There is currently no available vaccine for Lyme disease, the tick-borne infection that, while rarely fatal, can leave patients with debilitating side effects for months. But now that’s a matter of a ticking clock.
On Monday, Pfizer took a $95 million, 8.1% stake in French vaccine developer Valneva to reset the terms of an alliance to develop the first Lyme disease shot in two decades.
Only one Lyme disease vaccine, GlaxoSmithKline’s LYMErix, has ever been approved by the US Food and Drug Administration. But its commercial rollout in 1998 — when Lyme disease was seen as a problem for snooty owners of New England vacation homes — was a bigger failure than New Coke. A panel of experts convened by the Center for Disease Control dismissed LYMErix as a “yuppie vaccine” for people who “shop at L.L. Bean and will have no consideration for cost-effectiveness when they want a vaccine because they’re going to travel to Cape Cod.”
Despite a lack of clinical evidence, a class-action lawsuit over the vaccine’s perceived negative side effects created enough bad publicity to put the jab’s prospects on ice. LYMErix sales fell from 1.5 million doses in 1999 to 10,000 in 2002, after which it was pulled from the market. Pfizer and Valneva enter a totally different world:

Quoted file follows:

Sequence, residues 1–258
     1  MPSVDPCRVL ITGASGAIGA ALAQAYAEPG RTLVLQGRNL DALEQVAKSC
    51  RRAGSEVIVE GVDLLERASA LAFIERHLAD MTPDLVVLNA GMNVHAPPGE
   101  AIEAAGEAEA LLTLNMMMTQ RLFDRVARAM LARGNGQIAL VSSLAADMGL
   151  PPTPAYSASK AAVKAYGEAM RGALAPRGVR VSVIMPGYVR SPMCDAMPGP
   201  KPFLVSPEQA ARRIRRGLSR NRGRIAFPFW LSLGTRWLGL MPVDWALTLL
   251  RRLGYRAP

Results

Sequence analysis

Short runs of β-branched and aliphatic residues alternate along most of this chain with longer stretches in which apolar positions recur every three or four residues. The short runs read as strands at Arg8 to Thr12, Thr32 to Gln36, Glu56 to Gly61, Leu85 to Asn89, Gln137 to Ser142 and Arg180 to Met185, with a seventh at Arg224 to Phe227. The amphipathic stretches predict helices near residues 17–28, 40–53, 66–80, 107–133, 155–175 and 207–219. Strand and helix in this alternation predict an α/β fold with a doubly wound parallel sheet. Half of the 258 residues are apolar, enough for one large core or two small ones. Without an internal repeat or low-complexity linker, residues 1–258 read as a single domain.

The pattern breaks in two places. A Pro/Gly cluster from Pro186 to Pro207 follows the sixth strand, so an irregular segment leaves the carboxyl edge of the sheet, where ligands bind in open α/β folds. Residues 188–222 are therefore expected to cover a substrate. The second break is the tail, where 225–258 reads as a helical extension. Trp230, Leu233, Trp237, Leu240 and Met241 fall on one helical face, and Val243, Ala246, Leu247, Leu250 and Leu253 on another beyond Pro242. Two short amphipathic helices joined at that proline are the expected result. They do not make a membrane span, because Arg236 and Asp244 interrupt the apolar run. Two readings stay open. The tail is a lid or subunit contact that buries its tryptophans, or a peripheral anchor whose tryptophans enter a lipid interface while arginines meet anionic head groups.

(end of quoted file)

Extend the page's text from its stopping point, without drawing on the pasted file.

- Lyme disease is a “yuppie” concern no more. Caused by a bacteria delivered by tick bite, it can cause rash, facial paralysis, and arthritis, and about 476,000 Americans are diagnosed and treated every year — something the CDC says “indicates a large burden on the health care system and the need for more effective prevention measures.”
- Pfizer’s deal gives Valneva a cash injection to take its Lyme disease candidate, VLA15, closer to market, and calls for the French company to shoulder 40% of development costs, up from 30% under a previous agreement. Depending on the sales performance of the new vaccine — which will enter late-stage trials this year — Valvena could make $100 million in milestone payments.
One Jab to Another: With $32 billion in expected sales from its Covid vaccine this year, Pfizer finds itself in a position to spend. Ironically, Valvena is focusing on its Lyme jab because its own Covid vaccine has failed to catch on, with the UK and EU calling off procurement orders due to its lower efficacy as a booster compared to established shots like Pfizer’s. One day your enemy, the next day your friend.